“We worked with our partner MTX Group to create the app and are now deploying it with governments in Florida, New York, and many other states so they can use our tools for insights into how the virus’s spread is affecting citizens and state healthcare systems,” said Kurian.

The Australian government’s Department of Health is also hosting an app on Google Cloud to provide citizens with real-time information on how the coronavirus pandemic is progressing across the country.

The use of G-Suite is also being “explored” within the UK National Health Service (NHS), Kurian confirmed, as means of providing healthcare staff with access to real-time information on hospital occupancy levels, including within accident and emergency departments.

“Healthcare is the most impacted industry during the pandemic, and technology can be a critical tool to help,” said Kurian. “We’re providing solutions for the health research community to identify new therapies and treatments, and assist hospital systems with tracking the pandemic and providing telehealth and remote-patient monitoring solutions.”

Read more about the tech sector's response to coronavirus

The company has also joined forces in the past week with a number of other players in the healthcare and technology space, including its public cloud rivals Microsoft and Amazon, through the Covid-19 Healthcare Coalition initiative.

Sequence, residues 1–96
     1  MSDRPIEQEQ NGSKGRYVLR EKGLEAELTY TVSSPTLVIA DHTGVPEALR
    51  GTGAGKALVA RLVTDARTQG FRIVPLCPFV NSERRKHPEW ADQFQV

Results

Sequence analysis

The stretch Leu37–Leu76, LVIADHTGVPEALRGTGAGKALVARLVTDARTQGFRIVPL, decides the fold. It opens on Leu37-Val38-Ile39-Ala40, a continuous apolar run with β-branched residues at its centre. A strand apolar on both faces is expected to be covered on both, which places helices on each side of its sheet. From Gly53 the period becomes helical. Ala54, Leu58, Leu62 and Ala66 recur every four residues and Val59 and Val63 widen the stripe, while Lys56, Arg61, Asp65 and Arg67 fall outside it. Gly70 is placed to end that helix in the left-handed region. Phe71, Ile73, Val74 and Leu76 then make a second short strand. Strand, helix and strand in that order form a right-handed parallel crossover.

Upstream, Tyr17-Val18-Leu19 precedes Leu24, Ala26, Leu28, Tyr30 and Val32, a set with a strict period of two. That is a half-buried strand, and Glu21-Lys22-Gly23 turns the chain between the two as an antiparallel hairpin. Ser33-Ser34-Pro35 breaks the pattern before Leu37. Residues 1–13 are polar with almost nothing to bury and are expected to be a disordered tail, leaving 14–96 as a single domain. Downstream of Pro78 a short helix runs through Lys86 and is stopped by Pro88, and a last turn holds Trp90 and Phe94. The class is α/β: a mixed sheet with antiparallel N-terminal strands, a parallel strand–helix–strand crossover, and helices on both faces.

It aims to create a data exchange that allows participants to share and analyse data safely and securely to accelerate medical breakthroughs pertaining to the coronavirus outbreak.

As previously documented by Computer Weekly, some retailers have found the pandemic has led to unseasonal surges in online sales of certain items, which is putting huge amounts of unexpected pressure on their websites and mobile apps.

To help its clients work through such issues, Google revealed that it has activated its “Black Friday/Cyber Monday Protocol” for retailers and other businesses that are experiencing exponential traffic increases at the moment. “[This means] bringing professional services, technical account managers and customer reliability engineering resources together to support, plan and react to user demand during these peak times,” the company said.

Rounding out the post, Kurian also lifted a lid on the steps Google is taking to ensure its own cloud infrastructure is  equipped to cope with the challenges posed by the coronavirus.

“We’re prepared – we’ve activated remote customer service agents and our enhanced support protocol for peak periods, we’ve detailed plans to manage our capacity and supply chain, and we’ve rigorously tested the resilience of our infrastructure and processes. All of these preparations have been put in place to ensure we can best support our customers during a time like this,” he said.

“We’ll continue to work tirelessly on these and other initiatives to support our users, customers, and communities in this time of need. I’m so grateful to the many extraordinary Cloud Googlers that have worked so hard to provide so many capabilities for our customers.”